People Who've Been On Dating Shows Explain What It's Really Like Behind The Scenes
Image by Dim Hou from Pixabay

Dating shows occupy such a strange space in the broad array of television. On one hand, everyone lampoons them as fake, drama-obsessed monstrosities that are a waste of time.

And yet, so many of us keep tuning in year after year.

So it goes without saying that plenty of us are rather curious about what exactly is real, what is fake, and what else is going on behind the scenes.

Thankfully, at least a few Reddit users are also former dating show contestents. And they were happy to oblige and share their experiences.

Redditor Fartfartfart69 asked:

"People who have appeared on dating shows (naked attraction, first dates), what's it like behind the cameras?"

Many people, of course, talked about how fake and scripted they were. But it was still interesting to learn how they went about the faking.

Good Practice

"I was an actor in the 90s/00s."

"Our agency supplied actors to dating shows. We had three people pretending to be in a love triangle, being sad and emotional and angry and whatever, and we watched a recording of it in our classes, including the three in question, laughing at the sheer... well, falsehood of it all. It was basically improv. I actually didn't know until then that the contestants were faked."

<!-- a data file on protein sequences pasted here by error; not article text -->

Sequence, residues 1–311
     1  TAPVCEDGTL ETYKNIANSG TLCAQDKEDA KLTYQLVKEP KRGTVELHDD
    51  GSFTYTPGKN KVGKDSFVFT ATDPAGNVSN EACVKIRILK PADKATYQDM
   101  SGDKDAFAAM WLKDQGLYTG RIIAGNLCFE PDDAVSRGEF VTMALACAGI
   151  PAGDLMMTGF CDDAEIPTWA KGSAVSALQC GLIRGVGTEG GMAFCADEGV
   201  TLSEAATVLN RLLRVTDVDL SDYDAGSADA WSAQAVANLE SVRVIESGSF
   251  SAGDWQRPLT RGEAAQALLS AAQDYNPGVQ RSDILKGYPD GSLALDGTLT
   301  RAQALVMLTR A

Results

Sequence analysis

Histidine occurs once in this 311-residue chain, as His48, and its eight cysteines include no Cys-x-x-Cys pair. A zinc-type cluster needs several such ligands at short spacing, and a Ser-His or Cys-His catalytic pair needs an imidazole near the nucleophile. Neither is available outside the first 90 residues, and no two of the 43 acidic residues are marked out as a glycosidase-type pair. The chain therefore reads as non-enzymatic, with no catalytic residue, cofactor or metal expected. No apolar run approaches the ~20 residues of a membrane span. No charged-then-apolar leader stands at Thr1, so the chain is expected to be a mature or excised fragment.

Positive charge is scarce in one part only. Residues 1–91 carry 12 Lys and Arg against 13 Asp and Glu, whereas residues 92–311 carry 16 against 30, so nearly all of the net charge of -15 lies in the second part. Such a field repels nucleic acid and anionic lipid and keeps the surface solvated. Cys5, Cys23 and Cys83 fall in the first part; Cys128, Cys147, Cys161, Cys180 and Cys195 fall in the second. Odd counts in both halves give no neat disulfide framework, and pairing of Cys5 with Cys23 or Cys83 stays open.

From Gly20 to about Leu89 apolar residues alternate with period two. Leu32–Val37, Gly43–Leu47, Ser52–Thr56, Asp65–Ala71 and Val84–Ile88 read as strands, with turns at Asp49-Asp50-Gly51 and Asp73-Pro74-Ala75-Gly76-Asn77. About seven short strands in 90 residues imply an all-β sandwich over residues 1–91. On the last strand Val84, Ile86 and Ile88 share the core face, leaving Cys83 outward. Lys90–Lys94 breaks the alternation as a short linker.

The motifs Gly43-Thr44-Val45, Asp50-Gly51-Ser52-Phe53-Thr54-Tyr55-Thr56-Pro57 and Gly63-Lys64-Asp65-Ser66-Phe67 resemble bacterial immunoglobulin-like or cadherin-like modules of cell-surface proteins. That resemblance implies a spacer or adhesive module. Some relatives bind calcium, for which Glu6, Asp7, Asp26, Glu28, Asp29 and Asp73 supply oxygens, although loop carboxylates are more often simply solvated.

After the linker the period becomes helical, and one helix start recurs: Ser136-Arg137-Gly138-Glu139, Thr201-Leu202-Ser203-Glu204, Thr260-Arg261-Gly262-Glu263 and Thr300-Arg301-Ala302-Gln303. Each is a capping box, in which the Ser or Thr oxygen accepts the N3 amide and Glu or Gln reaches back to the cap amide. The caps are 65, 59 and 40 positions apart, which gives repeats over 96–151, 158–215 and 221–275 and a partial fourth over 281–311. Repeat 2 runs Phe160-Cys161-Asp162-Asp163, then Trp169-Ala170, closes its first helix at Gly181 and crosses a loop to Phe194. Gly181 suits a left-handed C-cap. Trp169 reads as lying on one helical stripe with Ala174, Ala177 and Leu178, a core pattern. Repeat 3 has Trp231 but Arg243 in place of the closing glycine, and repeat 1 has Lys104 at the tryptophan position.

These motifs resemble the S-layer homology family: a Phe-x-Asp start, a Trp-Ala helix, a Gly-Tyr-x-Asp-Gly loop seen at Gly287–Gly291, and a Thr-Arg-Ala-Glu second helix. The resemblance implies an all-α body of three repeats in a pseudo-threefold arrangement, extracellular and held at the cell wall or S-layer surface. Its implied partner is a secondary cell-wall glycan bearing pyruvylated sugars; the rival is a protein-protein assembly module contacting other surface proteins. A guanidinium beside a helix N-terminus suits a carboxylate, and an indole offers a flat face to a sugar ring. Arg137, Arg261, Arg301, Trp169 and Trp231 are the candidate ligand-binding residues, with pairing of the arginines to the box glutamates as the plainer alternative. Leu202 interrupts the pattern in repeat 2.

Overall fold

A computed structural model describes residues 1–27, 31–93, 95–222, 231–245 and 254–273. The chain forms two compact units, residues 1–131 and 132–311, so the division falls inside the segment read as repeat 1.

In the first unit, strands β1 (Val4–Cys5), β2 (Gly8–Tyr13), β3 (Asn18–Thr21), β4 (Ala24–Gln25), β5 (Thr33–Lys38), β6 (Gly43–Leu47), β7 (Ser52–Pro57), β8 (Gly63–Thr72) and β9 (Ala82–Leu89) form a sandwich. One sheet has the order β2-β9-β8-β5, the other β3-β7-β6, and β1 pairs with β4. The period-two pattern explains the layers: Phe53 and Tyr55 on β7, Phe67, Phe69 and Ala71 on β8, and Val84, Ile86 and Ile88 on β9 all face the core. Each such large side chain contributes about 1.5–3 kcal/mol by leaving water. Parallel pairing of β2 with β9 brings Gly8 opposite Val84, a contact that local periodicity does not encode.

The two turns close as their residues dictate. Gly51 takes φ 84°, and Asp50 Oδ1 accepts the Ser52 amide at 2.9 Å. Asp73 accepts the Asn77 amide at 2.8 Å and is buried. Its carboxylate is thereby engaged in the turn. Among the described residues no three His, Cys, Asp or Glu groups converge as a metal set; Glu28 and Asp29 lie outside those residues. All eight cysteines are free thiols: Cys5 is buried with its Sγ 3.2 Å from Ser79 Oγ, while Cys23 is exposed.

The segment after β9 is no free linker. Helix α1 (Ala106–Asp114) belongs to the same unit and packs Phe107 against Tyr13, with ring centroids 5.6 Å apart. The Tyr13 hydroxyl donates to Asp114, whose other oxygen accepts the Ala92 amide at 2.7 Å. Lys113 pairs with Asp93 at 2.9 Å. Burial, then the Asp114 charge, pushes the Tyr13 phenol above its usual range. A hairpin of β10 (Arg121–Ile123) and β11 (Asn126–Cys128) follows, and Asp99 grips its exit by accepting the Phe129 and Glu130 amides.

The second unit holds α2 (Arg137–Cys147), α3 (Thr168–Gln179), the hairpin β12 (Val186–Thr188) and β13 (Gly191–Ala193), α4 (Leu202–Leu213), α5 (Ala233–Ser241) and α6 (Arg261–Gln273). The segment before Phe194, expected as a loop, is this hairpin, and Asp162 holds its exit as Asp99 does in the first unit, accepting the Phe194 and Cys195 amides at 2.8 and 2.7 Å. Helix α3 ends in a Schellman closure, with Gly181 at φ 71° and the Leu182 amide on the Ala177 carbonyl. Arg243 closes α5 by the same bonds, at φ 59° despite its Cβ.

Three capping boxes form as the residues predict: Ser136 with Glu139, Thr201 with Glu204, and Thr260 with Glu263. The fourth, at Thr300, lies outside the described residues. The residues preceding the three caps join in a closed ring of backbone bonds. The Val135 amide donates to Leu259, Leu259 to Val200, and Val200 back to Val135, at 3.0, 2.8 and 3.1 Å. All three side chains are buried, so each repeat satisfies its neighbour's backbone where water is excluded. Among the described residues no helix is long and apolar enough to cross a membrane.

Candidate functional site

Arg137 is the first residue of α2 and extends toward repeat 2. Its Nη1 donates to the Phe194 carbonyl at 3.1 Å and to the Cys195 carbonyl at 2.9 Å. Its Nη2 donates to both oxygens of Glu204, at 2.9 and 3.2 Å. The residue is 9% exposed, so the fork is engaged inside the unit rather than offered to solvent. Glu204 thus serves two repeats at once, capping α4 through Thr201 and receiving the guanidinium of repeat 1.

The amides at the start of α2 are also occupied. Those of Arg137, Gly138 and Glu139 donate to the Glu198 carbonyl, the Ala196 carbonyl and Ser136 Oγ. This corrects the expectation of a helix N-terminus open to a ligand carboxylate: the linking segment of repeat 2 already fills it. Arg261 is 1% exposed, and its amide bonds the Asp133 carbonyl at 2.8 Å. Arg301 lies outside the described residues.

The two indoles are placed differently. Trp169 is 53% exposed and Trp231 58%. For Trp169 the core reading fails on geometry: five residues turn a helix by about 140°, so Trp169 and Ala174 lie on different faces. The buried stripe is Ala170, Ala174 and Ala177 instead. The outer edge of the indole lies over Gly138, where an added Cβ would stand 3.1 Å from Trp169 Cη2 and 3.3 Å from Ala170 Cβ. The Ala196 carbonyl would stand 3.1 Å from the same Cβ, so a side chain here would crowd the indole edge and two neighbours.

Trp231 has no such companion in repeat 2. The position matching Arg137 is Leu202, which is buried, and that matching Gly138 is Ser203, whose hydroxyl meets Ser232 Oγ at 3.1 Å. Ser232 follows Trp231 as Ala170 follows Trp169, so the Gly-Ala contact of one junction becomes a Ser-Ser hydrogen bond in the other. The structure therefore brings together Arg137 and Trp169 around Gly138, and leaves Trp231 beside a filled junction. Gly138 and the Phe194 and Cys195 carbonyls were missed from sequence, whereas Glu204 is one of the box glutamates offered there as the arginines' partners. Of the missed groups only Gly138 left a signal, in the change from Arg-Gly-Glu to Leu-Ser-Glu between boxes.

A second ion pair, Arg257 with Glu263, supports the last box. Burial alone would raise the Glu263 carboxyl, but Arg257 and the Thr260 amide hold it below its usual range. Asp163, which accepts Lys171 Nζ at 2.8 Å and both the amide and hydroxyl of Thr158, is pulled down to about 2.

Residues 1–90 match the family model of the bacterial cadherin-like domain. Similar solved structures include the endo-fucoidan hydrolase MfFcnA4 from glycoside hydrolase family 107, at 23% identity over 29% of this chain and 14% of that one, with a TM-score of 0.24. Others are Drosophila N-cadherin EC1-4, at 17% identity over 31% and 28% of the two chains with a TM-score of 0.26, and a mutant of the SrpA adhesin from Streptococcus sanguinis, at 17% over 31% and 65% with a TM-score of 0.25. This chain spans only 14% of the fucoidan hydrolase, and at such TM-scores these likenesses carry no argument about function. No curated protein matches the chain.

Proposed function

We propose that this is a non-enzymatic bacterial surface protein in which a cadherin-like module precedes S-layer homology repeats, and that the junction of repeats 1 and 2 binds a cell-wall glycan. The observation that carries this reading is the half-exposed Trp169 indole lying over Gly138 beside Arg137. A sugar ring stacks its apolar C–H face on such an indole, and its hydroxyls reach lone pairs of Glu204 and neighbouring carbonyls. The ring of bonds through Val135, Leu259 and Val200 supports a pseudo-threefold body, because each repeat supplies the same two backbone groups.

"I guess real people do apply, so perhaps they use a mixture of real applicants and stooges to pad out other episodes."

-- Woodcharles

Be Moody

"I don't speak Spanish fluently, but one time I appeared on 'Doce Corazones' (12 Hearts), which is a Spanish language romance show where a woman has to choose from 12 men to date. (Living in Southern California, where it's filmed, and a Spanish speaking friend of mine dragged me to the set when they had a last minute cancellation and needed someone to stand in lol.)"